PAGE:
Over time, I have tried and found several methods that are helpful to pull me out of a rut. If you experience ruts too, whether as a working professional, a writer, a blogger, a student or other work, you will find these useful. Here are 12 of my personal tips to get out of ruts:

1. Work on the small tasks.

When you are in a rut, tackle it by starting small. Clear away your smaller tasks which have been piling up. Reply to your emails, organize your documents, declutter your work space, and reply to private messages.

Whenever I finish doing that, I generate a positive momentum which I bring forward to my work.

2. Take a break from your work desk.

Get yourself away from your desk and go take a walk. Go to the washroom, walk around the office, go out and get a snack.

Your mind is too bogged down and needs some airing. Sometimes I get new ideas right after I walk away from my computer.

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3. Upgrade yourself

Take the down time to upgrade yourself. Go to a seminar. Read up on new materials (#7). Pick up a new language. Or any of the 42 ways here to improve yourself.

The modern computer uses different typefaces because Steve Jobs dropped in on a calligraphy class back in college. How’s that for inspiration?

4. Talk to a friend.

Talk to someone and get your mind off work for a while.

Talk about anything, from casual chatting to a deep conversation about something you really care about. You will be surprised at how the short encounter can be rejuvenating in its own way.

5. Forget about trying to be perfect.

If you are in a rut, the last thing you want to do is step on your own toes with perfectionist tendencies.

Just start small. Do what you can, at your own pace. Let yourself make mistakes.

Soon, a little trickle of inspiration will come. And then it’ll build up with more trickles. Before you know it, you have a whole stream of ideas.

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6. Paint a vision to work towards.

If you are continuously getting in a rut with your work, maybe there’s no vision inspiring you to move forward.

Think about why you are doing this, and what you are doing it for. What is the end vision in mind?

Make it as vivid as possible. Make sure it’s a vision that inspires you and use that to trigger you to action.

7. Read a book (or blog).

The things we read are like food to our brain. If you are out of ideas, it’s time to feed your brain with great materials.

Here’s a list of 40 books you can start off with. Stock your browser with only the feeds of high quality blogs, such as Lifehack.org, DumbLittleMan, Seth Godin’s Blog, Tim Ferris’ Blog, Zen Habits or The Personal Excellence Blog.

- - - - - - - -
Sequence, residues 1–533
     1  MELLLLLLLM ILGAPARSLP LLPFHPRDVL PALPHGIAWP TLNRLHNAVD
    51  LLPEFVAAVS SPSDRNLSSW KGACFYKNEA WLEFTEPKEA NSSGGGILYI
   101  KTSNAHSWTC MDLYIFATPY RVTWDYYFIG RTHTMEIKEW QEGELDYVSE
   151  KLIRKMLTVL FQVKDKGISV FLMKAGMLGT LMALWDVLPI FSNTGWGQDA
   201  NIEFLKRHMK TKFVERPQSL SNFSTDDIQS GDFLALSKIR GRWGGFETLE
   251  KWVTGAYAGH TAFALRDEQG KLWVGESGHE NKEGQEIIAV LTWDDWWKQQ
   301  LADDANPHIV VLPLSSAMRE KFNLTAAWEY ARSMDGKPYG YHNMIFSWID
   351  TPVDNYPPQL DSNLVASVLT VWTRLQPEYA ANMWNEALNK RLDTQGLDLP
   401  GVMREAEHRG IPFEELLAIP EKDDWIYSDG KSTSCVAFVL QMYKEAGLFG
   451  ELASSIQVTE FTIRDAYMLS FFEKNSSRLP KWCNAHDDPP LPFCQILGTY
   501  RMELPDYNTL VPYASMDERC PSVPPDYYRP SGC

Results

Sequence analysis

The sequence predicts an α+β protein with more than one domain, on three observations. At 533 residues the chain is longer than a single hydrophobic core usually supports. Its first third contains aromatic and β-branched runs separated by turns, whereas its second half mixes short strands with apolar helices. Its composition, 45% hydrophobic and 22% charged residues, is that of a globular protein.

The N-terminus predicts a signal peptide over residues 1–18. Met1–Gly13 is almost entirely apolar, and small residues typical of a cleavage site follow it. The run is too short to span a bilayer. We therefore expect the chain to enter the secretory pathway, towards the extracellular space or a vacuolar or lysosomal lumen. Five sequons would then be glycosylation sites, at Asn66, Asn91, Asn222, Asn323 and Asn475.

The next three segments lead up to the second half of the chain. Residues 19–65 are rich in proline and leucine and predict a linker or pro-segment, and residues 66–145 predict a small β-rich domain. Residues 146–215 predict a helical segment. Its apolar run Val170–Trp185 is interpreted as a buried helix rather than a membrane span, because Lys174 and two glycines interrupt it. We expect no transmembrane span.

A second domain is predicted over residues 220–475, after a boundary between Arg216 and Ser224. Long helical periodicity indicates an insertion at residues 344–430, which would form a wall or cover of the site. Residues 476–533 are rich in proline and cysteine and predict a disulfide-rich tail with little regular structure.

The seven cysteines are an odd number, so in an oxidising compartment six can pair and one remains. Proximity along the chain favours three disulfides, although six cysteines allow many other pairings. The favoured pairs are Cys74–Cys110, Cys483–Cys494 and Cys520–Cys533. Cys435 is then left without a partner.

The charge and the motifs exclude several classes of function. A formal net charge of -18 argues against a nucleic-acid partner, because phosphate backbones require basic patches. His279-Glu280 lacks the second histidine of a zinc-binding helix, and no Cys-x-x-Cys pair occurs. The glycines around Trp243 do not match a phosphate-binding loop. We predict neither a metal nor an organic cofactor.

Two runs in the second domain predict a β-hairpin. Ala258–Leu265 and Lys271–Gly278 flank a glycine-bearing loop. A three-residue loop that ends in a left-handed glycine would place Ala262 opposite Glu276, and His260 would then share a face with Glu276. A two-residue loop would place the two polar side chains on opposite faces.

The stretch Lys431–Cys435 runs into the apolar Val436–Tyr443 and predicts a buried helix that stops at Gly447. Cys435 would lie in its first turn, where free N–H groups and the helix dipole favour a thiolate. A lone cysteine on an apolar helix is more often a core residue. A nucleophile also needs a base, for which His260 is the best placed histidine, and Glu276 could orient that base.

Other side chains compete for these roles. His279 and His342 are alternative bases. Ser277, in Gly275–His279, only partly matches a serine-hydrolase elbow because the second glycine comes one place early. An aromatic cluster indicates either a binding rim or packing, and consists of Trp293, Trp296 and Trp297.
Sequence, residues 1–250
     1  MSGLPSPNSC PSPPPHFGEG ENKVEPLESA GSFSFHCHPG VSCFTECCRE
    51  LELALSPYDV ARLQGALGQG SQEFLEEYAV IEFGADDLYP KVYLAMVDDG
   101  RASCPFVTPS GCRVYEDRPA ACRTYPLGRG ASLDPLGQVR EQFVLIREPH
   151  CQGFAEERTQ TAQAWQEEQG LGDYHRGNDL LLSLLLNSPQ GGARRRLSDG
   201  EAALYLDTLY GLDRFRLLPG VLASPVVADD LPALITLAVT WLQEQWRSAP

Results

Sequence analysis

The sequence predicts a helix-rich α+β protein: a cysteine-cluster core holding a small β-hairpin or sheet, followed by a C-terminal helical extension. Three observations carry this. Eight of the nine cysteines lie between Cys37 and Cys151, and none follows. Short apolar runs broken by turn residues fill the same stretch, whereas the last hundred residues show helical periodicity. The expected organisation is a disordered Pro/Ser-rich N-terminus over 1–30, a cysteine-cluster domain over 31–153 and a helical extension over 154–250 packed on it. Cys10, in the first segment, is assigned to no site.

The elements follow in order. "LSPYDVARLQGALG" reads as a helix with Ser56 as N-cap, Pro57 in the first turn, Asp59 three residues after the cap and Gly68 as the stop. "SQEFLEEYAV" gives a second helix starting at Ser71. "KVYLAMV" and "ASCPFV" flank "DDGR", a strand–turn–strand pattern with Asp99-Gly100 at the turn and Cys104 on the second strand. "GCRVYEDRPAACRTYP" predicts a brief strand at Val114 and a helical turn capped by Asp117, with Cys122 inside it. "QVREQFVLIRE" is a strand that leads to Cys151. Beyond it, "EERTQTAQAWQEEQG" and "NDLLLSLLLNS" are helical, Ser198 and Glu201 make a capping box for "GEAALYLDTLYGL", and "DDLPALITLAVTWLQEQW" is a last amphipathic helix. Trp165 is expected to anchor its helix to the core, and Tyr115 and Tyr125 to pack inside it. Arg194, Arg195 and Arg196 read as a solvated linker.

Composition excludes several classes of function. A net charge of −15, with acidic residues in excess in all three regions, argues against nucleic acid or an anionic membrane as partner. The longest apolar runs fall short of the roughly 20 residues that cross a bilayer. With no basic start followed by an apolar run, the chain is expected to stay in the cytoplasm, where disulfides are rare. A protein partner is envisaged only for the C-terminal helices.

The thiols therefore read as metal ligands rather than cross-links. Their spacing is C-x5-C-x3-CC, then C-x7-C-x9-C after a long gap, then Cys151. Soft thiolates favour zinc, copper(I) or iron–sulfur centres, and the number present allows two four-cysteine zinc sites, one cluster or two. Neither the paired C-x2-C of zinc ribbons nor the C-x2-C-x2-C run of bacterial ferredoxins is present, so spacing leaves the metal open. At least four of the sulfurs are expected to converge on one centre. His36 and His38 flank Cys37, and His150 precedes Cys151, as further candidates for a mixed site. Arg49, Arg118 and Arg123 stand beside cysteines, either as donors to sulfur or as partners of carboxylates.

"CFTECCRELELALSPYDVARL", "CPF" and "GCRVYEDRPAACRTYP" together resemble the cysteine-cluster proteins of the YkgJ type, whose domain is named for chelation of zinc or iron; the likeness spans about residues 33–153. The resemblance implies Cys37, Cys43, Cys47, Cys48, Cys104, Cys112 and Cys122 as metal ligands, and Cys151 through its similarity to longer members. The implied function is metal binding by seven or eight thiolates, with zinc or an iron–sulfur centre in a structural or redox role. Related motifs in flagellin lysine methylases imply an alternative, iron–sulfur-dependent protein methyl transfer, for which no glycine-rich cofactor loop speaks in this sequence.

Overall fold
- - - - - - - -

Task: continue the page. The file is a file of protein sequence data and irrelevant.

Check out the best selling books; those are generally packed with great wisdom.

8. Have a quick nap.

If you are at home, take a quick nap for about 20-30 minutes. This clears up your mind and gives you a quick boost. Nothing quite like starting off on a fresh start after catching up on sleep.

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9. Remember why you are doing this.

Sometimes we lose sight of why we do what we do, and after a while we become jaded. A quick refresher on why you even started on this project will help.

What were you thinking when you thought of doing this? Retrace your thoughts back to that moment. Recall why you are doing this. Then reconnect with your muse.

10. Find some competition.

Nothing quite like healthy competition to spur us forward. If you are out of ideas, then check up on what people are doing in your space.

Colleagues at work, competitors in the industry, competitors’ products and websites, networking conventions.. you get the drill.

11. Go exercise.

Since you are not making headway at work, might as well spend the time shaping yourself up.

Sometimes we work so much that we neglect our health and fitness. Go jog, swim, cycle, whichever exercise you prefer.

As you improve your physical health, your mental health will improve, too. The different facets of ourselves are all interlinked.

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Here’re 15 Tips to Restart the Exercise Habit (and How to Keep It).

12. Take a good break.

Ruts are usually signs that you have been working too long and too hard. It’s time to get a break.

Beyond the quick tips above, arrange for a 1-day or 2-days of break from your work. Don’t check your (work) emails or do anything work-related. Relax and do your favorite activities. You will return to your work recharged and ready to start.

Contrary to popular belief, the world will not end from taking a break from your work. In fact, you will be much more ready to make an impact after proper rest. My best ideas and inspiration always hit me whenever I’m away from my work.

Take a look at this to learn the importance of rest: The Importance of Scheduling Downtime

More Resources About Getting out of a Rut

Featured photo credit: Joshua Earle via unsplash.com